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Describe the main outcomes that can be gained from quantitative research as opposed to qualitative research.
Describe the limitations of both quantitative and qualitative research.
From your textbook:
pp. 26-27, Questions 1.25 and 1.26
Consumer recycling behavior. Under what conditions will consumers dispose of recyclable paper in the garbage? This was the question of interest in an article published in the Journal of Consumer Research (December, 2013). In one of the studies conducted, the researchers instructed 78 college students to cut an 8.5-×11-inch sheet of paper into eight smaller pieces. Half the students were randomly assigned to list five uses for the cut paper (usefulness is salient condition). The students in the other half were asked to list their five favorite TV shows (control condi-tion). After completing an unrelated task, all students were asked to dispose of the paper upon leaving. There was a trash bin and a recycling bin outside the door. The researchers kept track of which students recycled and which students disposed of their paper in the garbage. This information was used to test the theory that students in the
usefulness is salient condition will recycle at a higher rate than students in the control condition.
a. Explain why the data-collection method used in this study is a designed experiment.
b. Identify the experimental unit in this study.
c.Identify the variables measured in this study. What type of data (quantitative or qualitative) is produced from each variable? (Hint: Two variables are measured.)
d. About 68% of the students in the usefulness is salient condition recycled, as compared to 37% of students in the control condition. Use this information to make an inference about the population of interest.
1.26 Drafting NFL quarterbacks. The National Football League (NFL) is a lucrative business, generating an annual revenue of about $15 billion. One key to becoming a financially successful NFL team is drafting a good quarterback (QB) out of college. The NFL draft allows the worst-performing teams in the previous year the opportunity of selecting the best quarterbacks coming out of college. The Journal of Productivity Analysis (Vol. 35, 2011) published a study of how successful NFL teams are in drafting productive quar-terbacks. Data were collected for 331 quarterbacks drafted over a 38-year period. Several variables were measured for each QB, including draft position (one of the top 10 players picked, selection between picks 11 and 50, or selected after pick 50), NFL winning ratio (percentage of games won), and QB production score (higher scores indicate more produc-tive QBs). The researchers discovered that draft position is only weakly related to a quarterback’s performance in the NFL. They concluded that “quarterbacks taken higher [in the draft] do not appear to perform any better.”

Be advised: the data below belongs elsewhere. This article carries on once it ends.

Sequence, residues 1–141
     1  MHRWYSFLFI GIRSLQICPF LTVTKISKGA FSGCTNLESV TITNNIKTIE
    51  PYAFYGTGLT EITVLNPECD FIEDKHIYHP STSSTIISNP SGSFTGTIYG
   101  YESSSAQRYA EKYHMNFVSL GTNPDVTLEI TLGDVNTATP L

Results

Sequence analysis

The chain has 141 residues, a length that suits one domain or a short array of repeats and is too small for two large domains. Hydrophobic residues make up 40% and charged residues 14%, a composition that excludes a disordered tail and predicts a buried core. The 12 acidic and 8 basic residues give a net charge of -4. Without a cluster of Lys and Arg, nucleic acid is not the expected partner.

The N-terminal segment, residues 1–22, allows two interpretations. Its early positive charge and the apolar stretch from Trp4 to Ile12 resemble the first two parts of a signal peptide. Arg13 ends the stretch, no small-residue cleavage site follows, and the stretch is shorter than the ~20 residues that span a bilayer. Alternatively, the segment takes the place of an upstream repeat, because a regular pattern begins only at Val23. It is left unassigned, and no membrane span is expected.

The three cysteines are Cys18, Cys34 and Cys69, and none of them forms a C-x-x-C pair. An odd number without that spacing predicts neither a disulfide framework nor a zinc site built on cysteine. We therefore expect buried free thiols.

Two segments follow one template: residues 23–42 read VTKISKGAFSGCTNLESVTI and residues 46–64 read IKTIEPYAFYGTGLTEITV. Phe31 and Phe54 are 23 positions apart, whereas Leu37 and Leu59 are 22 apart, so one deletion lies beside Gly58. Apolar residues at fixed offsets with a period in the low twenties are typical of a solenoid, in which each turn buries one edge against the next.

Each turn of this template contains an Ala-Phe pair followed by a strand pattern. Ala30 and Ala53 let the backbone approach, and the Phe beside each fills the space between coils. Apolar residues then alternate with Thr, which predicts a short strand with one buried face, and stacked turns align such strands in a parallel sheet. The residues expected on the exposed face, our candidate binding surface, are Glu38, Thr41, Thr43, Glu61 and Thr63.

a. What is the experimental unit for this study?
b.Identify the type (quantitative or qualitative) of each variable measured.
c.Suppose you want to use this study to project the per-formance of future NFL QBs. Is this an application of descriptive or inferential statistics? Explain.
pp. 104-105, Question 2.125
In business, do nice guys really finish last? Do “nice guys finish last” in the competitive corporate world? In a study published in Nature (March 20, 2008), college students repeatedly played a version of the game “prisoner’s di-lemma,” where competitors choose cooperation, defec-tion, or costly punishment. (Cooperation meant paying 1 unit for the opponent to receive 2 units; defection meant gaining 1 unit at a cost of 1 unit for the opponent; and punishment meant paying 1 unit for the opponent to lose 4 units.) At the conclusion of the games, the researchers recorded the average payoff and the number of times pun-ishment was used against each player. A graph of the data is shown in the accompanying scatterplot. Does it appear that average payoff is associated with punishment use? The researchers concluded that “winners don’t punish.” Do you agree? Explain.
p. 115, Question 2.147
Construct a scattergram for the data in the following table.
Variable 1: 174 268 345 119 400 520 190 448 307 252
Variable 2: 8 10 15 7 22 31 15 20 11 9
p. 119, Question 2.169
Age discrimination study. The Age Discrimination in Employment Act mandates that workers 40 years of age or older be treated without regard to age in all phases of employment (hiring, promotions, firing, etc.). Age discrimi-nation cases are of two types: disparate treatment and dis-parate impact. In the former, the issue is whether workers have been intentionally discriminated against. In the latter, the issue is whether employment practices adversely affect the protected class (i.e., workers 40 and over) even though no such effect was intended by the employer. A small computer manufacturer laid off 10 of its 20 software engi-neers. The ages of all engineers at the time of the layoff are shown below. Analyze the data to determine whether the company may be vulnerable to a disparate impact claim.
Not laid off: 34 55 42 38 42 32 40 40 46 29
Laid off: 52 35 40 41 40 39 40 64 47 44
Submit Homework 1 as a Word document to the appropriate assignment folder no later than Sunday 11:59 PM EST/EDT. (This assignment folder may be linked to Turnitin.)
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